Well, I find most of the time an un-believable character is the most believable. It varies from reader to reader, but for me, I think it's important for the main character to be as unique as possible. The stranger the character, the more real she/he becomes.
Most authors create character profiles before they start to write, I don't. I find it harder that way. I think that as the story progresses, the characters more or less create themselves. I normally start with a basic idea, like if the main character is evil or not, then work from there.
Sure, you can jot down there characteristics before you begin the story, but I think the characters are brought to life as you write. It wouldn't matter what I wrote in the character profile, because my character would probably end up being the complete opposite.
Characters need to be people. Real people. Real people have imperfections, they don't always do the right thing or think things through, they make mistakes, and they get hurt. Nobody likes a perfect character, or an absolutely good or absolutely evil character. I think believable characters need to have layers, but they also need to be balanced.
When I create a character, I think about how I would react, or how people I know would react in whatever situation they're in. A lot of it is just logic, and knowing how to observe other people.
They can be larger than life as in Charles Dickens or barely penned as with E.M. Forster, each author has his own special vision of a character. I create mine from observing real people and then sculpture each according to my will and desire. However, sometimes they refuse to submit and find my characters have a life of their own beyond my control.
I used to write RPGs so I had to learn to make characters believable quickly without taking players out of the storyline. Once I've got the initial idea, I work backwards: why would the character be in that situation? what has he done? What influenced him to be the person who made those decisions?
Sometimes it can be interesting to find out that one of the characters did something for a reason you'd never initially considered.
i think a believable character is a mixture of good and bad. i like a character with eccentricities, but only if they can be explained. i base many of my character's on various aspects of myself, although i also create from completely from scratch.
A character has to have flaws, a blind self to her own weaknesses and one where her own experiences will eventually help her to evolve into a well adjusted person. But I think some quirks have to remain, after all no one is perfect!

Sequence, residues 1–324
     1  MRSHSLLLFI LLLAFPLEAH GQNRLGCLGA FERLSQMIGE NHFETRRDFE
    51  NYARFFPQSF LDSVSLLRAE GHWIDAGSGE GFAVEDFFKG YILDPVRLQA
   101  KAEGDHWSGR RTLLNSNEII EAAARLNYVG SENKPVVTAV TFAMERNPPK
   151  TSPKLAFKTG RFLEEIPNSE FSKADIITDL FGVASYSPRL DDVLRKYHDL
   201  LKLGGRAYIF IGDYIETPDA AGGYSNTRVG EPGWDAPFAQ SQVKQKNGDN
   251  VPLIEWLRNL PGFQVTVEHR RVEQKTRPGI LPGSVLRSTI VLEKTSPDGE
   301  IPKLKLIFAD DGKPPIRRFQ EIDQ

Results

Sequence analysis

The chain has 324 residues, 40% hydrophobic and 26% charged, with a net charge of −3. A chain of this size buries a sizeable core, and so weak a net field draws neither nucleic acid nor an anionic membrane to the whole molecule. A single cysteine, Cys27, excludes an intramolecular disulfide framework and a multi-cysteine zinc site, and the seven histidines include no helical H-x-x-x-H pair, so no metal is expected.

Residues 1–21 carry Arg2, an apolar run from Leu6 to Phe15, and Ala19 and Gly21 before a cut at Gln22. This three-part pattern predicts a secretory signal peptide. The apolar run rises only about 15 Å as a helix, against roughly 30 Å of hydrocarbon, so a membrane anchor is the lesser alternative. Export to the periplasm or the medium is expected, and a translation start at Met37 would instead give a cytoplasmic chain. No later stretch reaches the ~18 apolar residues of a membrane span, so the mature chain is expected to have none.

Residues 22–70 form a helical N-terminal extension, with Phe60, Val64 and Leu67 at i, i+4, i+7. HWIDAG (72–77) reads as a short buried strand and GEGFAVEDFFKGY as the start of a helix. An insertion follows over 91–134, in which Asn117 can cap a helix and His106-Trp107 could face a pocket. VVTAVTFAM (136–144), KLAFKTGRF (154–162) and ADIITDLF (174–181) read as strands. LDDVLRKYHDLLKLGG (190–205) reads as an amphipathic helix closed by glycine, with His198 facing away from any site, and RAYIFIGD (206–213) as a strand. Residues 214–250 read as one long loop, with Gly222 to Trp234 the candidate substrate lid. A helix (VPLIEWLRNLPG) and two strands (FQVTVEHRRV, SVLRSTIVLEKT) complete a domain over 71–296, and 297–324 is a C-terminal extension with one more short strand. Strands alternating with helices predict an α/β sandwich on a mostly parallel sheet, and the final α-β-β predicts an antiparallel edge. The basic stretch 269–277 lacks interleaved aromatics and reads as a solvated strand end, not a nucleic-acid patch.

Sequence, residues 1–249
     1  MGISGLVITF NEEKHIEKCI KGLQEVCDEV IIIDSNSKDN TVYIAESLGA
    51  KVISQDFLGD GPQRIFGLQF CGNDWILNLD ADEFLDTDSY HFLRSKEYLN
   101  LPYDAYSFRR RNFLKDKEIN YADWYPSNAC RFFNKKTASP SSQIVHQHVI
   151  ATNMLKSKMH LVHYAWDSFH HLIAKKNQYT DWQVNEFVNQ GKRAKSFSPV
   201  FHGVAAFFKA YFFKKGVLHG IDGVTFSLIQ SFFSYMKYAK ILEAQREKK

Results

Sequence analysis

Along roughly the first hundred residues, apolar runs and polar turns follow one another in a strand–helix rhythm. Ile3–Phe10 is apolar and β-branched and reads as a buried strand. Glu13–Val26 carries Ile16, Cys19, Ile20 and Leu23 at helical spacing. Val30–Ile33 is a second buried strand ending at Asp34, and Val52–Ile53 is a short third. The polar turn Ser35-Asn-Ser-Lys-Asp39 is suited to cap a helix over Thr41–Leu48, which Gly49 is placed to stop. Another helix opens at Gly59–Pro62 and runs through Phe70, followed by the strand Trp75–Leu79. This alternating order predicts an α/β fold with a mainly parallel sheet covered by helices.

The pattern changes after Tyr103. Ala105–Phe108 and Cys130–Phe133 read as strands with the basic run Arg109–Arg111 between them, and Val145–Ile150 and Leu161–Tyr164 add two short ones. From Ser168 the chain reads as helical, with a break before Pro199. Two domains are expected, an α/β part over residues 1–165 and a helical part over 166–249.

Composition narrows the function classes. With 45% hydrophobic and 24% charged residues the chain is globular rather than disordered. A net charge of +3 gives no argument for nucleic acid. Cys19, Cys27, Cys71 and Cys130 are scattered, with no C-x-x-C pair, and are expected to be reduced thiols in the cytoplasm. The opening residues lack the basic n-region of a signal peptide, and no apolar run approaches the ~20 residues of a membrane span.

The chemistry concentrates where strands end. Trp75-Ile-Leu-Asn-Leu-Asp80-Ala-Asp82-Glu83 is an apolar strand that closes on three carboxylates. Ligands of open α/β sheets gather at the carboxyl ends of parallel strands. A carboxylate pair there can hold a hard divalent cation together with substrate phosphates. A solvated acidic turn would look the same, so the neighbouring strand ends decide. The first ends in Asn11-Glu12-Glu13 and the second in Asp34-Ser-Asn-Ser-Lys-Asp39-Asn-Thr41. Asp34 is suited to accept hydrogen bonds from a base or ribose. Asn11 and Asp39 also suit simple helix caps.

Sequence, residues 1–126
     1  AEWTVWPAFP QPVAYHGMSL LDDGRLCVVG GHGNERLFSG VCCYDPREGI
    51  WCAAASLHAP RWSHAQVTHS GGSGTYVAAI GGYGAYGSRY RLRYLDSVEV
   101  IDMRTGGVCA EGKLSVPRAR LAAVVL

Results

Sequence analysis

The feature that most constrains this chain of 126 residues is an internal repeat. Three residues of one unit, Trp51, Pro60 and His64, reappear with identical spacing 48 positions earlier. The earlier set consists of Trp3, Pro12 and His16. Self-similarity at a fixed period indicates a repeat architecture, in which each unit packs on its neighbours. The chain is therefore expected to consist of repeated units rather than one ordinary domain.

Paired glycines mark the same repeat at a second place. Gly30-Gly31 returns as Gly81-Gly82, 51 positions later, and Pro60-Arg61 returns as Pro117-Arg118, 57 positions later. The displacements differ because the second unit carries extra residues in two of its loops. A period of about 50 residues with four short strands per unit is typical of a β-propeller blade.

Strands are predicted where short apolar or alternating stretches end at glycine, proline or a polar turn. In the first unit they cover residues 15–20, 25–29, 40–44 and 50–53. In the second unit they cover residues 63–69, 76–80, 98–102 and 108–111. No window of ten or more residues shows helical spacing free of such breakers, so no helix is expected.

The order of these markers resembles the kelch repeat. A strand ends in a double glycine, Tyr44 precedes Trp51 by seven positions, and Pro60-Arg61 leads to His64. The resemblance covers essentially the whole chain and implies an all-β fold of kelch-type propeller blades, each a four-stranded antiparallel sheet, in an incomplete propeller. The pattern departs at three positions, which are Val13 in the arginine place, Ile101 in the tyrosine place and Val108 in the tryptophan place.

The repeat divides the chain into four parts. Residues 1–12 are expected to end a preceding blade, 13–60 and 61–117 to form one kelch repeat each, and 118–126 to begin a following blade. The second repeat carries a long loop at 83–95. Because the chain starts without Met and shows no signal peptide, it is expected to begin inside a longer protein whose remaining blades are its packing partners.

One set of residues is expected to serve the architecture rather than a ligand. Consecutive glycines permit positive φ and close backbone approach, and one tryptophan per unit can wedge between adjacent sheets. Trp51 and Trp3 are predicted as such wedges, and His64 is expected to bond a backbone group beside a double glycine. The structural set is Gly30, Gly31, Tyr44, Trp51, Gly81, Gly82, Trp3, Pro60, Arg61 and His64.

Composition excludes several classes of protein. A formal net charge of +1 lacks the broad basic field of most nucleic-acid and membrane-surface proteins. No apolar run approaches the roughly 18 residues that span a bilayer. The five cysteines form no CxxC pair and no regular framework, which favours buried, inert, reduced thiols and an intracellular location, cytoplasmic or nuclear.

I'm creating a character right now. I am listing her strengths and weaknesses, her appearance, her likes and dislikes, her family & friends etc. All will play a part in her story
I think a character has to be relatable, have the ability to grab an audience and release them at the appropriate times. I start by thinking about the message or story I want to tell. Then I create a character around that story.
use personal experience- need to be able to apply empathy and translate it to character.
When I write fiction or even use people as examples in articles, I find that authenticity works, and not the fluffy view of the "perfect" person.
Cant answer that, I don't write fiction. Only real life stories.
That's the biggest difficulty: believability. So often, real living people have such impossible lives that we would never find them "realistic," ironically. Flaws are important. They bring characters down to normal people. Weaknesses help too. I find that basing characters on real people or my own self can help immensely.
Putting a logical person in unusual situations and letting your audience sense and believe in their thought processes after to me is what makes a character believable. We all love characters who, when faced with some situation, do something that makes us think, "Wow, that was so cool," or "Man, I'd have done the exact same thing." It's one of the things that made "Forrest Gump" so fulfilling for me, I could see why Forrest reacted to some of the events in his life the way he did.
The way I create my characters? I use real people or close derivatives thereof, fantasy characters get a bit too "fantastical" for me sometimes.
The character has to have a beginning, middle and an end. The character has to come from a special place within you in order for someone who is reading it, to relate or believe that there can be a person of such value.
I wonít write a character unless I can really invest the time in them. If at the end of it I canít say, wow I canít believe that happened to so and so, then there is no character worth writing about.
A character is only believable when the reader can put themselves into their position, feel and experience what they do.